Real estate agents play an undeniable and integral role in today’s housing market. Not just as facilitators of sales and rental transactions but also as educators to their current and future clients. Left to their own devices, most people — particularly renters — view the rental segment and the for-sale market as distinctly different and unrelated entities, with the latter one often perceived as being far out of reach. Rightfully so.
Affordability is a real issue in the United States. The median price for an existing single-family home was $410,200 in June 2023, according to the National Association of Realtors (NAR). That’s the second-highest since the association started tracking the data. This average price tag quickly jumps in popular states such as California, where it comes in at $744,280, and in Washington State, where a house costs on average $574,114, according to August data from Zillow.
Mortgage rates — which have been well above 7% and approaching 8% this week — are adding to the unaffordability of much of today’s housing stock.
These market conditions in the for-sale segment have had a real and direct impact on the rental market as both are directly linked. An increasing number of people, especially many of the millions of millennials who are hitting their prime child-rearing years, are priced out of the market and forced to keep renting longer. The average age of first-time homeowners is now 36 with about 35% of the households in U.S. being renter-occupied.
This increasing demand has put further pressure on the rental stock, which has been experiencing severe supply and demand issues. The United States is currently as much as 6.8 million rental units short, with the gap between supply and demand widening every year, according to NAR data. This has driven up prices significantly. Typical asking rents in the U.S. average $2,052, a 3.3% climb as compared with the same time last year, according to Zillow’s data for August. In high-demand metros such as New York, it’s as high as $3,650.
One of the proposed measures to counter these increases and create more affordability for renters is the hotly debated topic of rent control, an idea that first came into existence in the 1920s. The Biden administration has pushed for a potential national-level rent control initiative while cities such as New York are particularly in the spotlight as landlords are pushing the Supreme Court to kill rent stabilization.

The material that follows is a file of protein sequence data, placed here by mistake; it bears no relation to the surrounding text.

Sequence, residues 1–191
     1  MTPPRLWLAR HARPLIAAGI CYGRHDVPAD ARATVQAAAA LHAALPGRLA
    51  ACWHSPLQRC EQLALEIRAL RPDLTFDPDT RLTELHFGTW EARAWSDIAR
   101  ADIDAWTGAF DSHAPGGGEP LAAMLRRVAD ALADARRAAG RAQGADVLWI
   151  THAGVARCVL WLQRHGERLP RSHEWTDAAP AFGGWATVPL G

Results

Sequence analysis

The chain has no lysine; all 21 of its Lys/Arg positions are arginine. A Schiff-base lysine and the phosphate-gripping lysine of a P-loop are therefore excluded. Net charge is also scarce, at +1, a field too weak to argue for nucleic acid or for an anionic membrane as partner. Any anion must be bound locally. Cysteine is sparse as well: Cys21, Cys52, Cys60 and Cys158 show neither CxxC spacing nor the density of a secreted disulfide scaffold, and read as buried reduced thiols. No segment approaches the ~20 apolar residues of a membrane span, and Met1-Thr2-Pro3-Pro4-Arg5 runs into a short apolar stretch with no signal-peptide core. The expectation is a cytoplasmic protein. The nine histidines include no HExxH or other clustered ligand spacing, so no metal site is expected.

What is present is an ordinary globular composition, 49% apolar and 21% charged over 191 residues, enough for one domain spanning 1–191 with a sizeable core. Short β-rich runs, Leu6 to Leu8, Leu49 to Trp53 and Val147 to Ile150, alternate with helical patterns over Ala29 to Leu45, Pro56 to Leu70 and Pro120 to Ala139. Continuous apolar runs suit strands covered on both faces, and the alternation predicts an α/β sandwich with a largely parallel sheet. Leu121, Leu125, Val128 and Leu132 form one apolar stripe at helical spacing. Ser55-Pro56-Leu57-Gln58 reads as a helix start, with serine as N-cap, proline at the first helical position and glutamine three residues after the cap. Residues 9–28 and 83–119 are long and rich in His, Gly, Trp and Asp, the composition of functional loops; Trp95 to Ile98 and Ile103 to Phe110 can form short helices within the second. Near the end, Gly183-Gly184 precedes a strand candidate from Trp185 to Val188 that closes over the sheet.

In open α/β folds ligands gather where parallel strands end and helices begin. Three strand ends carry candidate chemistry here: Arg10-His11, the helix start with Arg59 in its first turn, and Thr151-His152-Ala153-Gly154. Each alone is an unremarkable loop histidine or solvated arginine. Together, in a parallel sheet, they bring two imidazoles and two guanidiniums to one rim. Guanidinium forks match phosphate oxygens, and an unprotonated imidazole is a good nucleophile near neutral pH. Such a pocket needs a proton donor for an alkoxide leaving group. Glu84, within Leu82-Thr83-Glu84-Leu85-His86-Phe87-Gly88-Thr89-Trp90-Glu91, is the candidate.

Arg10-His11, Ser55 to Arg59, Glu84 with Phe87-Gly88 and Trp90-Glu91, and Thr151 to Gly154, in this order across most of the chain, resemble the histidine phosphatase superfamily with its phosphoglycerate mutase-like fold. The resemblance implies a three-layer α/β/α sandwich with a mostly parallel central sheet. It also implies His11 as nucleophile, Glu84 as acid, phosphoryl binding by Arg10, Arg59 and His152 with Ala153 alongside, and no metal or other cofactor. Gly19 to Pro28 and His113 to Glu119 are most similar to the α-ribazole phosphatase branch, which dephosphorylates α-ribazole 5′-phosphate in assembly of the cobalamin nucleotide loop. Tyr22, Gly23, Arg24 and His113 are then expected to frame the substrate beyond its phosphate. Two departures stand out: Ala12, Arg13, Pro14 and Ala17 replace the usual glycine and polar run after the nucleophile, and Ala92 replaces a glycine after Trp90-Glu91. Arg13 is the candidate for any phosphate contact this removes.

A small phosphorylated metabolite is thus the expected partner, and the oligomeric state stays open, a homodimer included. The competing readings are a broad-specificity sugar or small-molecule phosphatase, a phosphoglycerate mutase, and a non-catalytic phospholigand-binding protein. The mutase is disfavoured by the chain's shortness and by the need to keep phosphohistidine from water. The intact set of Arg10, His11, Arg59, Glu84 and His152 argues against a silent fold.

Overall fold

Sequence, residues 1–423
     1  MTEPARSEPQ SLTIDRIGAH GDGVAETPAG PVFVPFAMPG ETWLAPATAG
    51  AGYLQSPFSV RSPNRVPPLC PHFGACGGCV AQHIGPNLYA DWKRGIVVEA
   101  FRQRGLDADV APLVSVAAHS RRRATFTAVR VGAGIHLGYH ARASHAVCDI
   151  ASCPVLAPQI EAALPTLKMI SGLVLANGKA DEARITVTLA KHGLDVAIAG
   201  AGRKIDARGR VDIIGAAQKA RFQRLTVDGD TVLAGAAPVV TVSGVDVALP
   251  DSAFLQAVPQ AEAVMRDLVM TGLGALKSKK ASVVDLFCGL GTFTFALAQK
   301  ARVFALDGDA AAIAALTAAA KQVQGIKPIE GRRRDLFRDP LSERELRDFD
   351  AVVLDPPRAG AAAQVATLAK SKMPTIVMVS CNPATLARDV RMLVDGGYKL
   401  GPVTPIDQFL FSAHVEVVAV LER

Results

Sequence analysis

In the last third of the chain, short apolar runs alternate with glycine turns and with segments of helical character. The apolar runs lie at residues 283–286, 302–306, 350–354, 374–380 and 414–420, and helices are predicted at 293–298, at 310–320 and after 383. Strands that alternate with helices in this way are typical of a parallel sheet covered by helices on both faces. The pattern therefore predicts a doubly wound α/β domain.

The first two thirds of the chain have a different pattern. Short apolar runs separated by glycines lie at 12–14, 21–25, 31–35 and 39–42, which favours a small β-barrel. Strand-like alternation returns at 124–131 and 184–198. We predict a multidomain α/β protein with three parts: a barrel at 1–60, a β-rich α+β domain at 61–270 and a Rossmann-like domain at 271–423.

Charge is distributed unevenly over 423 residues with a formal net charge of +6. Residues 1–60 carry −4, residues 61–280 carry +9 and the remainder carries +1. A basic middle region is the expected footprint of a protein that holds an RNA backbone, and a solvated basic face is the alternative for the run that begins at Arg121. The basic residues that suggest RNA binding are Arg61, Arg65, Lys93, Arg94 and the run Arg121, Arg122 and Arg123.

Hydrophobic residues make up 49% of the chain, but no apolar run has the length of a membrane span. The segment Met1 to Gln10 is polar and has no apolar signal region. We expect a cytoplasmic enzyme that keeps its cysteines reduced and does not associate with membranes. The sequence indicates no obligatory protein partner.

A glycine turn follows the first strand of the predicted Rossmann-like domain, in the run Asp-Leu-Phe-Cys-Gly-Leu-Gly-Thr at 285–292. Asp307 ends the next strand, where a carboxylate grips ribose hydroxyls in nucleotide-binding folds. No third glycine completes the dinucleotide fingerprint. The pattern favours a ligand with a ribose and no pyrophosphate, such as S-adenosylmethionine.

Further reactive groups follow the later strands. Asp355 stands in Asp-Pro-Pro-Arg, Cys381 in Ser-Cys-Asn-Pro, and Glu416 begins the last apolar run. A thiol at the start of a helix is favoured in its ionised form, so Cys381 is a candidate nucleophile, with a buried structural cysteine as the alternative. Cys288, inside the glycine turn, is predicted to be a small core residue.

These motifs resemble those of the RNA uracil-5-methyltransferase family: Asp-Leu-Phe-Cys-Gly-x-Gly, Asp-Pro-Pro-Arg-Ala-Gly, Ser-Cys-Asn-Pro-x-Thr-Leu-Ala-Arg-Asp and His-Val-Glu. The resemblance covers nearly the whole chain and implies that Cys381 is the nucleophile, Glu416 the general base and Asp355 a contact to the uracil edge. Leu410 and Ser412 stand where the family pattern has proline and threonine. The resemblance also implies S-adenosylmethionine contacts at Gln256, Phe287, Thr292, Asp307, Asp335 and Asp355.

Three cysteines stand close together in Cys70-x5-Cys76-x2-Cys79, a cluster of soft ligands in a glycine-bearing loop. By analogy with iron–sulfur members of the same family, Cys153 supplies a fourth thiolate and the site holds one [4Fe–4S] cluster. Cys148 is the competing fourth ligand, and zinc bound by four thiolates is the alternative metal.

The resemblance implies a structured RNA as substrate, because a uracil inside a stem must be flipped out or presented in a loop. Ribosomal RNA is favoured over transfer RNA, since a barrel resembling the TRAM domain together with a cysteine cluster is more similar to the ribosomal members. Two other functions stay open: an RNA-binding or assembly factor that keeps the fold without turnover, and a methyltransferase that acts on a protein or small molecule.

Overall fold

As of 2022, seven states — California, New York, New Jersey, Maryland, Maine, Oregon and Minnesota — and the District of Columbia have localities in which some form of residential rent control is in effect.
Rent control benefits some tenants with access to controlled rates, primarily older and long-term residents. But rent control has also shown overall mixed results. While intended to make housing more affordable, it can exacerbate issues by reducing investment and supply. Property owners, getting lower returns due to rent controls, often seek ways to convert their properties to other more profitable uses.
In places like California, laws allow owners to evict tenants for personal occupancy or to sell units as condos. Consequently, as the availability of rental properties decreases, market-wide rents increase due to the lower supply. Actions like these tend to favor higher-income individuals, inadvertently promoting gentrification, as observed in San Francisco, contradicting the original aims of rent control.
Ultimately, to create a better supply-demand balance in the U.S., facilitating new construction might be the best answer to the pressures in the rental segment and the affordability issues in this country. California is trying to do just that by making major affordable housing projects across the state easier to commence by exempting them from potential lawsuits filed under the California Environmental Quality Act, extensive public hearings and other forms of opposition from local governments. Easing restrictive zoning rules that can reduce the supply of land available for new housing would also be additive.
There is some hope for more balance to come. Housing construction reached a 50-year high, with this year alone witnessing the completion of more than 460,000 units. Within the past three years, over a million new dwellings have been erected, marking a historic high. And this increase has had an almost immediate affect on renters who are taking advantage of the added choices. Those staying put and renewing their leases — often out of necessity — dropped to 60.5% during this year’s peak rental season compared with 63.6% last year.
And that is where agents can step in, educate renters on their increased choices, explaining market dynamics and ultimately becoming educators and advocates as they navigate their housing journey.
Michael Lucarelli is the CEO and co-founder of RentSpree.
This column does not necessarily reflect the opinion of HousingWire’s editorial department and its owners.
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Michael Lucarelli at email@example.com
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Sarah Wheeler at Sarah@hwmedia.com